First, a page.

Fire and Rescue NSW adopts nation naming of trucks - VIDEO - Across NSW

Published: 16 Dec 2022 12:08pm

More than 40 Fire and Rescue NSW (FRNSW) stations now display traditional indigenous nation names on their trucks, alongside existing geographical names, in the first tranche of a state-wide rollout.

The nation naming conventions, officially announced in a ceremony today at the Emergency Services Academy in Sydney’s west, not only recognise original custodianship but further embed Aboriginal languages and insights in mainstream consciousness.

The approach has successfully been undertaken by FRNSW in the state’s New England region and north-west for several years and will now be embraced state-wide.

The first 43 FRNSW stations to adopt nation names as part of the agency-wide rollout include Campbelltown, City of Sydney, Mount Druitt, Redfern and Ropes Crossing.

Each indigenous name has been identified and confirmed with the assistance of community elders, Aboriginal land councils and other cultural representatives.

Locally-designed indigenous artworks will also be emblazoned on vehicles, unlocking stories and providing a strong sense of belonging and identity.

Minister for Emergency Services and Resilience Steph Cooke said the initiative will help broaden the understanding of the more than 30 Aboriginal languages in NSW.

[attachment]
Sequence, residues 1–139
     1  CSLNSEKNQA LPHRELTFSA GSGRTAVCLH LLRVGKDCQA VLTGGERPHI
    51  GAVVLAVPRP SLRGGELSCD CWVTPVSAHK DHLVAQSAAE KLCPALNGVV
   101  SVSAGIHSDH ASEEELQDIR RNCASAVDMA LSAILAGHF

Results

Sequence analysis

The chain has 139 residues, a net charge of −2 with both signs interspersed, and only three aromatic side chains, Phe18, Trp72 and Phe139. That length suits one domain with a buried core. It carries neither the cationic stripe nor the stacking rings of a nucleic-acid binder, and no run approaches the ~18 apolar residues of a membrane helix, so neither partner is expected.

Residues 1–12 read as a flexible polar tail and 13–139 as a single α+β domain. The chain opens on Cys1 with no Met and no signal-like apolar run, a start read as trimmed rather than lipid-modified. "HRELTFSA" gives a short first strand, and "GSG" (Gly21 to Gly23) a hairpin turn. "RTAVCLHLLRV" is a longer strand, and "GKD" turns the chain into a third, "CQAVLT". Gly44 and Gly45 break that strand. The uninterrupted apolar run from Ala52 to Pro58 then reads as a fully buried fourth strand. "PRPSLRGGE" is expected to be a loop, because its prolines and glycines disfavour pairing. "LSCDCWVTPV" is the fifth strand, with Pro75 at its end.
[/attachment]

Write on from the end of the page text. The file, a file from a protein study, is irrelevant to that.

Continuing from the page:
“By introducing nation names on our fire truck fleet, we recognise our history, helping connect with First Nation Australians, and celebrating their heritage across NSW,” Ms Cooke said.

FRNSW Commissioner Paul Baxter said this is another step forward in reforms taking place across the agency to help recognise, support and advocate for Aboriginal and Torres Strait Islander peoples.

“Through systematic, and structural changes, FRNSW is committed to strengthening our partnerships with Aboriginal and Torres Strait Islander people. Recognising the traditional owners of the land on which we work is just one step we can take to better reflecting the communities we serve,” Commissioner Baxter said.

The move aligns with FRNSW’s core belief that diversity drives service quality, innovation and future readiness, as set out in the agency’s blueprint for organisational change, known as the ‘Plus Plan.’

FRNSW’s existing Indigenous Fire and Rescue Employment Strategy (IFARES) program actively targets Aboriginal and Torres Strait Islander people and has resulted in the recruitment of 90 Aboriginal Australian firefighters since its inception.


Video of nation names being applied to FRNSW trucks is available via this web link: [external link]

A full list of the nation names is available via this web link: [external link]

Still images of the dual place names already applied to FRNSW trucks in New England/north-west are available here: [external link]

Updated: 27 Jan 2023 05:15pm

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